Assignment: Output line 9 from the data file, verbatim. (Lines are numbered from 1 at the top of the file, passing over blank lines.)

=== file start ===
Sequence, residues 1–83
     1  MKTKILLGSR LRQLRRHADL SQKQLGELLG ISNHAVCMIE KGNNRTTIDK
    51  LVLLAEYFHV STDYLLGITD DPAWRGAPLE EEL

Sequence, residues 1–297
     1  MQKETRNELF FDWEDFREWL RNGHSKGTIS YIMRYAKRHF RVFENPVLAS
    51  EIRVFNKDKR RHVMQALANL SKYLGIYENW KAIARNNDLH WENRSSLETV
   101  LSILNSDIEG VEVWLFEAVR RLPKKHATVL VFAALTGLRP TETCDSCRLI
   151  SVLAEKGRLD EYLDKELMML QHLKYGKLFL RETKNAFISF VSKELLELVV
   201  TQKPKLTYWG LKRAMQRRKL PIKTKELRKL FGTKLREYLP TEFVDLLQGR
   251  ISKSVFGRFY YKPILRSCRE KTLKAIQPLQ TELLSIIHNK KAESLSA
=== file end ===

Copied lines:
   201  TQKPKLTYWG LKRAMQRRKL PIKTKELRKL FGTKLREYLP TEFVDLLQGR